Even if blockchain fatigue may have set in among bankers, there’s at least one use case they’re still clearly excited about: trade finance.
At least, that was the impression given at the Blockchain Summit in London last week, where a range of bankers talked enthusiastically about the digital trade finance platforms they are building and the cost reductions they believe will result.
Perhaps most notably, Amit Varma, the CTO of Citibank, was unusually vocal and specific in describing the savings his institution expects the technology to bring to the chain of players involved in each stage of global trade, from manufacturing to shipping to distribution.
He told attendees:
“We expect to see a reduction of 70 percent to 80 percent in costs on supply chain management by using blockchain.”
By contrast, in other business lines, bankers have their heads down these days, trying to live up to the hyped promise of blockchain optimization, all while having to deal with the thorny business of integration with their legacy systems. But one refreshing aspect of a largely paper-based system like trade finance is that there’s less in the way of creaking architecture.
“Blockchain is good for areas that have resisted digitization,” said Xavier Laurent, the head of blockchain community at the French financial institution Credit Agricole.
And the ultimate example of this may be trade finance.
The flip side is that in some parts of the world, the process may continue to resist digitization. Laurent said that while trade finance is global, some governments slow things down and are stuck in the paper trail.
“We will have some jurisdictions where all transactions are going on the blockchain,” Laurent said. “But there are other geographic regions where the legal and regulatory risk means you will still use paper.”
Platforms and tokens
Still, underscoring the energy around this use case, Varma described, in general terms, a new, fully automated trade platform Citi is building, which he said would combine blockchain with artificial intelligence (AI) and the internet of things (IoT).
The AI will drive trigger points in the system (i.e. the conditions that have to be met before a payment is made), Varma said, adding that an AI-enhanced platform could go as far as issuing a contract. In addition, IoT sensors could be used to do verifications normally done by humans.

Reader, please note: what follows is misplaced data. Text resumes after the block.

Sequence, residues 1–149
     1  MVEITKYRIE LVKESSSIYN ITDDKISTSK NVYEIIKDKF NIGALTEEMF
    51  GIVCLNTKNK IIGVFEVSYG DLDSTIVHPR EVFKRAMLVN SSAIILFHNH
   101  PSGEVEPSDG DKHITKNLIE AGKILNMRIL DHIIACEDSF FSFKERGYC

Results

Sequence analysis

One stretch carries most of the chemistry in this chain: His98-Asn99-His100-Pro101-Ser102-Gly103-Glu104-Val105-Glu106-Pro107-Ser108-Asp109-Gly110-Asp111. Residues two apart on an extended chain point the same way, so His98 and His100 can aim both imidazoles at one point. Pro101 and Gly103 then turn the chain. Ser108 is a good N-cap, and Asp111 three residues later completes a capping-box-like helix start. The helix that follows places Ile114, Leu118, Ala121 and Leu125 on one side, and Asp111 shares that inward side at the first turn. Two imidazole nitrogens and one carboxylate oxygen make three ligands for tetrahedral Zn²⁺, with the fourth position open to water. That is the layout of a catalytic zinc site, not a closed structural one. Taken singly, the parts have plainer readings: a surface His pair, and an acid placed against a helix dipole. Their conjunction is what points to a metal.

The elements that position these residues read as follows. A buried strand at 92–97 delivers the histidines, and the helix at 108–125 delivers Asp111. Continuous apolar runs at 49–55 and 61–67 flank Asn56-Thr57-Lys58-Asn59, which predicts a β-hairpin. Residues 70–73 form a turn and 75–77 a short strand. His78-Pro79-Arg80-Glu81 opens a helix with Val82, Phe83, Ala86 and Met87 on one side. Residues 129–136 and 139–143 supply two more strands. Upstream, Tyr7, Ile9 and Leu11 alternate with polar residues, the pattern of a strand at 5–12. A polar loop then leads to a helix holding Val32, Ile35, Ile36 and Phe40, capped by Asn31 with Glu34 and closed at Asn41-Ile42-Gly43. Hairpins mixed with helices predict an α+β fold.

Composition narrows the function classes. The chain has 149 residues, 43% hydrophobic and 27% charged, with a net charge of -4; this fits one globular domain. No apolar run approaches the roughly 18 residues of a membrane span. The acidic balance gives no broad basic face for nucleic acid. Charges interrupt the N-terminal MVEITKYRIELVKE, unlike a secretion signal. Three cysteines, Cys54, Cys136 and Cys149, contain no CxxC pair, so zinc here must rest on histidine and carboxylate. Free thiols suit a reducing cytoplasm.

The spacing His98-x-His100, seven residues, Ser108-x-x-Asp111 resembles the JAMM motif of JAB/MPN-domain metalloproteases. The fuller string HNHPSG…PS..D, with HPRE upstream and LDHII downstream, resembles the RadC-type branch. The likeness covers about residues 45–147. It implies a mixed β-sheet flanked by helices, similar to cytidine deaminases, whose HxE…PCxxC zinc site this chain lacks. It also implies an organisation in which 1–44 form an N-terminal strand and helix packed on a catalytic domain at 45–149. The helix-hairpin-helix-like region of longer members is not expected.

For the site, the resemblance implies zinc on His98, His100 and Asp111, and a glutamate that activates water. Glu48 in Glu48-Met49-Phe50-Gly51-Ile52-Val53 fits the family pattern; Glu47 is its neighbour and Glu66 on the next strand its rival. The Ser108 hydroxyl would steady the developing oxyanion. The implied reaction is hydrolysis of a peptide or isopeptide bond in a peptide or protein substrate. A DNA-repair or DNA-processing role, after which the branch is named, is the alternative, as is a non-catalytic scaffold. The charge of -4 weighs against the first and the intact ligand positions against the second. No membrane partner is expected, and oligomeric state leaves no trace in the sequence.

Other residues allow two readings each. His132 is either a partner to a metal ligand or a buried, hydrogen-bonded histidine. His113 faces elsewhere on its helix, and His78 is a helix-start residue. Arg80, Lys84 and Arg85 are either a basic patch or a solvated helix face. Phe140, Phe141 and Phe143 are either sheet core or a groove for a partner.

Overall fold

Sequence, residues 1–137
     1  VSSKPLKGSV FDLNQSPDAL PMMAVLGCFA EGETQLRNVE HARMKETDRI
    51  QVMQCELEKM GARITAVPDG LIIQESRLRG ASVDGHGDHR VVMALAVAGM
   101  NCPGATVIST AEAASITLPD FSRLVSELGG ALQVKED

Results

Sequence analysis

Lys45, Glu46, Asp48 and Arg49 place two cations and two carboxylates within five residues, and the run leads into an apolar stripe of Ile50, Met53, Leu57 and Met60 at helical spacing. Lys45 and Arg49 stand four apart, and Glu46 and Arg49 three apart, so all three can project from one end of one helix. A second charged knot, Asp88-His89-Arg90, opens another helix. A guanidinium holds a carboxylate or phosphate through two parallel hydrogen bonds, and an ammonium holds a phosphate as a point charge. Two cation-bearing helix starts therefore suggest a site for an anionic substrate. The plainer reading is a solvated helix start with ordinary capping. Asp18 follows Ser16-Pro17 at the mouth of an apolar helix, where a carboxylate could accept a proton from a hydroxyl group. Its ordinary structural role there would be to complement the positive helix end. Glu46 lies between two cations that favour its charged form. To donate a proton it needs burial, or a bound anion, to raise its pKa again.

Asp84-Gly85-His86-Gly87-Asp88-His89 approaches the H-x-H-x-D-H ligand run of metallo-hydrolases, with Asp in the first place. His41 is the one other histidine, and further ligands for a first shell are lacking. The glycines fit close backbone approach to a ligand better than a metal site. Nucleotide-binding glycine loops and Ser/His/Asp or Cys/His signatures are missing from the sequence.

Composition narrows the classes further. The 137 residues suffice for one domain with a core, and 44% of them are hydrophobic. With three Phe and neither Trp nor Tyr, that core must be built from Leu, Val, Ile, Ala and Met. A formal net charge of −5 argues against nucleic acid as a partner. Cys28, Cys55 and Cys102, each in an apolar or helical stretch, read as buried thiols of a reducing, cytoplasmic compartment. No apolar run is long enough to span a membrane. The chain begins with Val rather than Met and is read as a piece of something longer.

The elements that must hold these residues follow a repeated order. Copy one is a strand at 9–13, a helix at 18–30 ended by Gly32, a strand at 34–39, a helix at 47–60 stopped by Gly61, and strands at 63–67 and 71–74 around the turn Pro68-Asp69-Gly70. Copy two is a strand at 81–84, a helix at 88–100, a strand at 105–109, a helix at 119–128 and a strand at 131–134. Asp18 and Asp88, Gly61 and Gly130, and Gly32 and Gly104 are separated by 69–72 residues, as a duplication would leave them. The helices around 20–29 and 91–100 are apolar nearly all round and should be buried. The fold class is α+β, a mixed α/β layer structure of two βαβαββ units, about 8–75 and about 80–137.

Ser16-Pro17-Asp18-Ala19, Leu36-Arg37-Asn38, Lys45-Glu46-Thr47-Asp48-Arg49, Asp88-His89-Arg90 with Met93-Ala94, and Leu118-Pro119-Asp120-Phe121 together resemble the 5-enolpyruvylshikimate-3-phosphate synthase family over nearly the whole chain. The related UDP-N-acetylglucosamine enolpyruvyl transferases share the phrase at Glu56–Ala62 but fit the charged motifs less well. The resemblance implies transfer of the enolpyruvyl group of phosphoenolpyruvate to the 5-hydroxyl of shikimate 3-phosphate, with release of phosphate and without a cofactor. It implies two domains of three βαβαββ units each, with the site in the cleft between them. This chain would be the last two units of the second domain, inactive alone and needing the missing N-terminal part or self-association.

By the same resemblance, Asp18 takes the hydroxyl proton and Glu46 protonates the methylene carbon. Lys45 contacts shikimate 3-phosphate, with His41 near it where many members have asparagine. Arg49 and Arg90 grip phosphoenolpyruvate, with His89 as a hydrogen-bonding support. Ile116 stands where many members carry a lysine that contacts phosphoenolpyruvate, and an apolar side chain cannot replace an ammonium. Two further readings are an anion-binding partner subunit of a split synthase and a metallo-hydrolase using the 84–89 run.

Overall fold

“Shipments monitored using IoT devices can give everyone on the blockchain an idea of where the shipment is,” he said, adding:
“We are moving towards real time, to a point where the blockchain platform will trigger a payment when goods are received.”
However, Varma kept other details close to the vest. He did not say how close the platform was to being completed, much less tested or put into use, and when asked by CoinDesk he would not even give the project’s name.
Others talked about the possibilities for tokenization – one aspect of blockchain that enterprises have only recently begun to embrace – in trade finance.
Laurent said using tokens to represent assets on a blockchain could free up liquidity, giving the example of invoices, “which are not very liquid assets, so this could make them more liquid and distribute them better.”
Taking the tokenization of trade finance to its logical conclusion, Lee Pruitt, the CEO of ethereum-based startup InstaSupply, said the whole process can be opened up so that banks are no longer required to loan money against invoices.
“An approved invoice is an asset from an accounting standpoint. A token means anyone, not just banks, can participate in the purchase of this asset,” Pruitt said.
Stepping back, trade finance is big business, worth some $9 trillion worldwide, according to a recent report by the International Chamber of Commerce.
Yet bankers see room for improvement, which helps explain their search for efficiencies through digitization via blockchain. For example, Sean Edwards, the head of legal at Sumitomo Mitsui Banking Corporation, posited that there is an additional $1.5 trillion of potential trade finance business that isn’t being done, in places like Africa and parts of Asia.
Edwards, who is also chairman of the International Trade Finance Association (ITFA), said one the things that’s needed to get those places on board is an efficient know-your-customer (KYC) system to onboard what he called “long tail suppliers,” those most in need of finance.
“Trade finance is event-driven, punctuated with invoices, purchase orders etc. What you find is the pre-shipment stages are very poorly served; banks are bad at providing finance to early-stage small suppliers,” he said.
The ITFA’s focus has been on clearing certain pain points, including assisting the work that IBM is doing with shipping giant Maersk to digitize bills of lading.
“It’s a document of title,” said Edwards, “so understanding the process, it helps to be a lawyer.”
Edwards has also been working closely with Marco Polo, the trade finance network built by R3 and TradeIX, which includes the likes of BNP Paribas, Commerzbank, ING and Standard Chartered Bank.
“Things like promissory notes are very easily digitized,” said Edwards, adding:
“R3 wrote a program to do this in an afternoon.”